DENTON, Texas — Caroline Antoun’s two greatest loves came only after suffering one of life’s greatest losses.
Her twins Theodore and Talia were born following multiple miscarriages.
Struggles with fertility can take a toll on any relationship and it is one of the reasons Antoun’s marriage crumbled once the babies were born.
Her divorce went to trial in a Denton County court June 29, 2022.
Five days earlier -- June 24, 2022 -- the Supreme Court had struck down Roe v. Wade.
What could the demise of the almost 50-year-old ruling that had protected a women’s access to abortion care have to do with Antoun’s divorce?
Everything, she says.
Talia and Theodore were conceived through in vitro fertilization, or IVF.
IVF means eggs are fertilized by sperm in a lab first and then implanted in a uterus.
Antoun chose to have two embryos implanted, resulting in Theodore and Talia’s births.
Three other embryos were frozen in case Antoun and her then-husband decided to try for more kids in the future.
Most clinics require a contract before IVF treatment can begin.
A contract spells out what will happen to frozen embryos in the case of a divorce or if the mother or father dies.
The contract Caroline signed gave the embryos to her ex-husband.
She says, looking back, she did not understand the gravity of the document.
“I’d had four miscarriages and was just in a really desperate place,” Antoun said through tears.
Because the divorce went to court so soon after the Supreme Court ruled on Dobbs v. Jackson Women’s Whole Health, Antoun expected that decision to impact the fate of her frozen embryos.
“We said, the laws are going to change. So, let’s be mindful of that,” Antoun says of the argument she and her attorneys made to the judge.
But the judge gave her ex-husband the embryos – following the contract and following Texas law, which considers embryos property.
Antoun is now appealing the judge’s decision, claiming because of the way Texas’s ban on abortion reads, the frozen embryos should be treated as people, not property.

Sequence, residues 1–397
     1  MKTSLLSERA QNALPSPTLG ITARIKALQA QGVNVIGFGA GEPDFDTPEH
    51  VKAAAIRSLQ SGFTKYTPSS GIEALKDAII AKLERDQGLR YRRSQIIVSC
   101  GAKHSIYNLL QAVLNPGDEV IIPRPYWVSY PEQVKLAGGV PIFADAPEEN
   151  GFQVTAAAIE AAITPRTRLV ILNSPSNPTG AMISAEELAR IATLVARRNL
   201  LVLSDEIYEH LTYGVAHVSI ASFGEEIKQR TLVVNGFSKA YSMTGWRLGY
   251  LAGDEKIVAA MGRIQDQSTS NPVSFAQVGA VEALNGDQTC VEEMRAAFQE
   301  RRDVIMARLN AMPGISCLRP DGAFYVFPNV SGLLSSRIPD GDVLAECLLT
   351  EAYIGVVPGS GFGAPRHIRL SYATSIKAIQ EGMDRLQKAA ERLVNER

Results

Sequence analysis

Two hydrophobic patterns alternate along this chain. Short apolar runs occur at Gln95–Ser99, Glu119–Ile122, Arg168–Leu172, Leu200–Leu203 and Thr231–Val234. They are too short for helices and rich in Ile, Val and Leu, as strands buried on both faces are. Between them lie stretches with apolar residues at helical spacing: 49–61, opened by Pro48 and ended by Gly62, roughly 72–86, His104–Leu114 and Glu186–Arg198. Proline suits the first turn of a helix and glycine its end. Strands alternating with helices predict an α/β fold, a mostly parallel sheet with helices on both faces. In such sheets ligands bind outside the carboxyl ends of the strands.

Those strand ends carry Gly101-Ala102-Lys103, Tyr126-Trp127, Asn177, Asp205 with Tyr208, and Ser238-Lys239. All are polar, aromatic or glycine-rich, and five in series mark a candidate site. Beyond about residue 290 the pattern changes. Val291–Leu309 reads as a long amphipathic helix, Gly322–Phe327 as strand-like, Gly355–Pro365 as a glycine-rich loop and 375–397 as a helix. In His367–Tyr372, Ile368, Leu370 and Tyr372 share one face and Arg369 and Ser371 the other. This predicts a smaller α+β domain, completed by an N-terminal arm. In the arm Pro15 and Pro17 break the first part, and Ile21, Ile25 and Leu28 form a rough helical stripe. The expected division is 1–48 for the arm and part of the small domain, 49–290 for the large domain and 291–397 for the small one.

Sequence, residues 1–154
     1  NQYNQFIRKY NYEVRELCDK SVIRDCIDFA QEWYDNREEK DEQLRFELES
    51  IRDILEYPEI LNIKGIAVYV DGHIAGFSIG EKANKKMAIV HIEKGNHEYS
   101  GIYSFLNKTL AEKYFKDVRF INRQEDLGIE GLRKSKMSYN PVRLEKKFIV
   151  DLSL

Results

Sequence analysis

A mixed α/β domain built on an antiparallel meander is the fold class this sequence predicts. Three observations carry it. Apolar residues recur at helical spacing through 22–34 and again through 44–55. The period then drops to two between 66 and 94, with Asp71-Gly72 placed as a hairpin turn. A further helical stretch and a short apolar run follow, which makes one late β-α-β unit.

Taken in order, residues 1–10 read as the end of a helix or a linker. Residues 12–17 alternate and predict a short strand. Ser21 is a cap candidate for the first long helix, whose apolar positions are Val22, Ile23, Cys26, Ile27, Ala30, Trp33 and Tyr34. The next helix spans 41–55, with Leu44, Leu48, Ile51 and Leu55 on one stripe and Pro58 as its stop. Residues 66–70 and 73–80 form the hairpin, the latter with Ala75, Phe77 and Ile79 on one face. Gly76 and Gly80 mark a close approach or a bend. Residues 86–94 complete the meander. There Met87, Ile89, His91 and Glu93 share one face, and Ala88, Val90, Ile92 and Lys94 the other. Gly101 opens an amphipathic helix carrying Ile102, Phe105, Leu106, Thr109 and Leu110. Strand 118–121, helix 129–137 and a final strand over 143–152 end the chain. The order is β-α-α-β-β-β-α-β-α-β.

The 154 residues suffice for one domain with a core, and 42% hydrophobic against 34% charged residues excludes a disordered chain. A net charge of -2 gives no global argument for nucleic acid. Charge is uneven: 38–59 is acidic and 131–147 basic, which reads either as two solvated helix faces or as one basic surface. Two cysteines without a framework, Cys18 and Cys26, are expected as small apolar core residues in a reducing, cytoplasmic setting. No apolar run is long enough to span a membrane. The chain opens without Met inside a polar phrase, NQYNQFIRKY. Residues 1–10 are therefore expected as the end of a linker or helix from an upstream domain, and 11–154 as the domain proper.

“It really was clear with the Dobbs decision and with Texas being a trigger law state that very clearly defined life as beginning at fertilization,” Antoun said. “Frozen embryos are a fertilized egg.”
Seema Mohapatra holds the MD Anderson Foundation Endowed Professorship in Health Law at the SMU Dedman School of Law.
She is one of the nation’s leading experts in IVF law.
“Frozen embryos are considered property in Texas, just like any other kind of personal property, like your car,” said Mohapatra.
When asked if the overturning of Roe v. Wade and the trigger law banning abortions in Texas impacted the way frozen embryos are viewed, she gave a one-word answer.
“No,” she said.
The Texas law banning abortions does define an unborn child as “…from fertilization until birth, including the entire embryonic stages”
But Mohapatra says that definition applies to embryos in a womb not frozen embryos in a lab.
Antoun said that’s contradictory.
“If we say we value life and the whole idea of overturning Roe v. Wade and the trigger laws said we’re trying to protect life, but we’re still treating life over here as if its property that can be sold and bartered and done away with, that doesn’t match up at all,” Antoun said.
In past legislative sessions, Texas lawmakers have filed bills to extend personhood to frozen embryos.
Those efforts failed.
Similar bills have yet to be filed during this session in Texas, but Mohapatra won’t be surprised if one is.
“I think that is probably the next step,” she said.
But it would come with risks, Mohapatra said, because efforts to treat embryos as people could expose IVF doctors to prosecution.
They routinely discard embryos that aren’t viable.
“So we’ve seen in Louisiana and Mississippi – two states where personhood provisions were proposed -- one of the reasons they failed was these doctors said we’re going to leave your area and no one is going to have access to this care,” she said.
Nothing can happen to Antoun's frozen embryos while she is appealing.
Her divorce is final.
But life as a mother is far from settled.
“How on earth do we take a woman’s rights away from her children without due cause?” Antoun asked. “That seems unimaginable to me, it’s very un-Texan to me.”